Star Wars has always found a way to tell new stories within its universe. When the galaxy far, far away debuted over forty years ago with George Lucas’s Star Wars: Episode IV – A New Hope (1977), it established the foundation of this immense and ever-growing franchise.
It always changes too, maybe not always in a huge way, but the Star Wars universe finds a way to inject thrilling new adventures into its already built framework. That being said, the latest episode of Dave Filoni’s The Bad Batch has begun to tell a deeper story of Star Wars‘s most brutal event in history.
WARNING! Spoilers ahead for The Bad Batch Episode 7, “Battle Scars”
With Dee Bradley Baker back as the voice of the titular Bad Batch, or Clone Force 99, Filoni’s new animated series adds to Lucasfilm’s already impressive lineup of animated television shows. The Bad Batch debuted on Star Wars Day (May 4) and joins The Clone Wars, Star Wars Rebels, and Star Wars Resistance in the animated field, while also adding to the Star Wars studio’s expanding catalog of small screen outings — The Mandalorian and the recently wrapped The Book of Boba Fett.
While Baker does have his work cut out for him leading the main voice cast of experimental clones pretty much alone, The Bad Batch has introduced a new Jango Fett clone deviant character in the form of Michelle Ang’s Omega. Not much is known yet regarding Omega’s origins or her true story, but signs indicate she could be evidence of Kamino’s foray into Force-sensitive cloning — an idea which has pointed to the theory that Filoni may be attempting to solve the Star Wars sequel trilogy’s muddled story and obvious plot holes.
Despite following a seemingly mission-by-mission episode structure — which included the animated debut of Fennec Shand (Ming-Na Wen) –, The Bad Batch is offering Star Wars fans a look into the direct aftermath of Chancellor Palpatine’s rise to power and the formation of the Galactic Empire. The first episode, “Aftermath”, showcased a new angle of the Order 66 execution, and saw a young Caleb Dume — who would later become Kanan Jarrus, Ezra Bridger’s Jedi mentor in Rebels — escape the catastrophic events of the clone trooper attack — their new purpose to kill all remaining Jedi.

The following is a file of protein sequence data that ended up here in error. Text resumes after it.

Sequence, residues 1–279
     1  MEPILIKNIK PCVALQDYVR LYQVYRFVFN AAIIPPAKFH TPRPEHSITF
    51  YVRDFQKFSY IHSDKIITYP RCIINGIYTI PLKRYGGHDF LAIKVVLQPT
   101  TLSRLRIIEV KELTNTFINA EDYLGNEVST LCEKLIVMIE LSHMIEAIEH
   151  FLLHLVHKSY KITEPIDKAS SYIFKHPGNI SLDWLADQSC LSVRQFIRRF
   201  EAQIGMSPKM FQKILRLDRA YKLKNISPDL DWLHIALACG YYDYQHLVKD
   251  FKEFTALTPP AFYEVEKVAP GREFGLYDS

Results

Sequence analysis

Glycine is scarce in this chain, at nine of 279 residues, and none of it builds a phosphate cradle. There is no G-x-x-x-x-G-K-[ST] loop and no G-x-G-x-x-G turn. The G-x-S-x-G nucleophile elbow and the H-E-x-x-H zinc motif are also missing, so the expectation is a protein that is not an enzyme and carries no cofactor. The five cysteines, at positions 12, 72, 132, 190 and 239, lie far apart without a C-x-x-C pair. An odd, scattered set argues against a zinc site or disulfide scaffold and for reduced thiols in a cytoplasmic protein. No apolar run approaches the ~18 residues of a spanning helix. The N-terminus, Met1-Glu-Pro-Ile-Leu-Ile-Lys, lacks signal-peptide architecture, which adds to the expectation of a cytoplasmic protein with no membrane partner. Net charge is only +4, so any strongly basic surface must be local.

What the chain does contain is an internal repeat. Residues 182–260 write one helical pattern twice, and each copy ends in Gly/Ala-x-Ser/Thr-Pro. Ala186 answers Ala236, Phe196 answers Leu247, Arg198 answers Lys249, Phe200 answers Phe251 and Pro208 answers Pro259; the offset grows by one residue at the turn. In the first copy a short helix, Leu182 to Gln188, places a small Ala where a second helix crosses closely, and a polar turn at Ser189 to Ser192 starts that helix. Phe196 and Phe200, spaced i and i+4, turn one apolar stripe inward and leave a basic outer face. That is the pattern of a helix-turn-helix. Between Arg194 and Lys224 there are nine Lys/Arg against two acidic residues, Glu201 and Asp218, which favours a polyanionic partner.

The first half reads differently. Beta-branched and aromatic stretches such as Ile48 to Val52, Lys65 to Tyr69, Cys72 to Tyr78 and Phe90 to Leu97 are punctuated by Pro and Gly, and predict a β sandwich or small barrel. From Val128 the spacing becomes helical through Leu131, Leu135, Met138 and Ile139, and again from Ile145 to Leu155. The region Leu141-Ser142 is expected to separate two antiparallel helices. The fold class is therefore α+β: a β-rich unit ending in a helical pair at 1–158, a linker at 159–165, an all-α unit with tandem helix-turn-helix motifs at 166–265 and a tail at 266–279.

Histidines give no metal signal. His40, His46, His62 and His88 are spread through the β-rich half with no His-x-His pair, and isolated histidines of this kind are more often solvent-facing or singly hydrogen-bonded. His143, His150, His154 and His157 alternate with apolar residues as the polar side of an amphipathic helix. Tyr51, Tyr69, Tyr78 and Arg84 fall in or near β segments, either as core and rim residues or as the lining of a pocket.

Last week’s episode, “Decommissioned”, signaled the downfall of the loveable clone, Wrecker. The Bad Batch squad member had already been complaining of headaches throughout the season’s first few episodes, but it was here that Star Wars fans really saw the potential of Wrecker’s transition to Empire soldier. In “Battle Scars”, Wrecker’s inhibitor chip finally activates, giving The Bad Batch its second heartbreaking battle — the first, of course, came when Crosshair’s chip was altered by Admiral Tarkin on Kamino.
Filoni’s characters have already established themselves as a tight-knit group, both in the show itself and outside of it in the fandom. The relationship between Hunter and Omega has sparked reminiscent feelings of a favorite Star Wars trope — the Wolf and the Cub — as seen in many of Star Wars projects like The Mandalorian and Star Wars Rebels.
Wrecker’s turn to the “dark side” was an emotionally charged affair. The clone went after his fellow squadmates in a vicious assault, even targeting his young friend, Omega, in the process. While the events were devastating, a deeper look into what this means for Star Wars‘s history highlights an even more disturbing truth.
When Order 66 was enacted in Star Wars: Episode III – Revenge of the Sith (2005), turning the clone army on its own, it paved the way for the rise of Emperor Palpatine’s Galatic Empire and gave a glimpse at the fledgling Rebellion in a rapidly changing galaxy. The clone’s turn on their generals — the Jedi — became the darkest moment in Star Wars history. But, its continued effects shown in The Bad Batch reveal it wasn’t just a one-time thing.
With no Jedi present and no Imperial forces giving orders, Wrecker’s destructive attack on his brothers “for not following orders” demonstrates that Order 66 isn’t as distinct as just killing the Jedi. His onslaught quickly turns to Omega too for “conspiring” with the Bad Batch squad. This absolute switch in persona gives Order 66 an even more sinister history.
Throughout The Clone Wars, Star Wars has shown that the clones are more than their birthright — that they have names, identifies, and a reason to exist beyond their military expertise.
Order 66 was never just about removing the Jedi from command, it was about ultimate authoritative control. Sure, this might have happened off-screen in Revenge of the Sith and beyond, but in The Bad Batch it’s upfront and ugly — it’s clear that Palpatine’s Order was never just about killing the galaxy’s protectors. The inhibitor chip “failsafe” built into the clones was a plan of possession, and Filoni changes what Order 66 meant for the galaxy.
The episode — which saw the return of fan-favorite Clone Wars character, Captain Rex — revealed that Clone Force 99 remains intact for now, after having their inhibitor chips surgically removed. However, the shadow of Order 66 is an ever-present danger and only time will tell if it will come back to haunt the formidable crew once again. The lack of Crosshair in the past couple of episodes suggests it is on its way and the Star Wars galaxy better be prepared.
Do you think Crosshair will show up soon?